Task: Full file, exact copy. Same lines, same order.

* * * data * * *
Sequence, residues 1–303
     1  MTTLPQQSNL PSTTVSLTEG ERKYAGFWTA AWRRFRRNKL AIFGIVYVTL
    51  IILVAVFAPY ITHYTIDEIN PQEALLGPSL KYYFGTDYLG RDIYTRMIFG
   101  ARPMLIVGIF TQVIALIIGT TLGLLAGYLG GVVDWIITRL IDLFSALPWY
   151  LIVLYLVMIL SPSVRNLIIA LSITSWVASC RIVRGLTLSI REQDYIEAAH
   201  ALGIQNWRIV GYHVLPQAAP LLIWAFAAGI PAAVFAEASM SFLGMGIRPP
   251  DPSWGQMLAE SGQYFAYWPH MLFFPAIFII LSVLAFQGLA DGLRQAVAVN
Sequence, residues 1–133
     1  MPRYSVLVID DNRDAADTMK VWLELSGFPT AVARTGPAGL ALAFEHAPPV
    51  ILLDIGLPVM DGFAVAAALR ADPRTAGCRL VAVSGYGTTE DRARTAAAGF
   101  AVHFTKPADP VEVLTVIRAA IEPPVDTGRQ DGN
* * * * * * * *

Sequence, residues 1–303
     1  MTTLPQQSNL PSTTVSLTEG ERKYAGFWTA AWRRFRRNKL AIFGIVYVTL
    51  IILVAVFAPY ITHYTIDEIN PQEALLGPSL KYYFGTDYLG RDIYTRMIFG
   101  ARPMLIVGIF TQVIALIIGT TLGLLAGYLG GVVDWIITRL IDLFSALPWY
   151  LIVLYLVMIL SPSVRNLIIA LSITSWVASC RIVRGLTLSI REQDYIEAAH
   201  ALGIQNWRIV GYHVLPQAAP LLIWAFAAGI PAAVFAEASM SFLGMGIRPP
   251  DPSWGQMLAE SGQYFAYWPH MLFFPAIFII LSVLAFQGLA DGLRQAVAVN
Sequence, residues 1–133
     1  MPRYSVLVID DNRDAADTMK VWLELSGFPT AVARTGPAGL ALAFEHAPPV
    51  ILLDIGLPVM DGFAVAAALR ADPRTAGCRL VAVSGYGTTE DRARTAAAGF
   101  AVHFTKPADP VEVLTVIRAA IEPPVDTGRQ DGN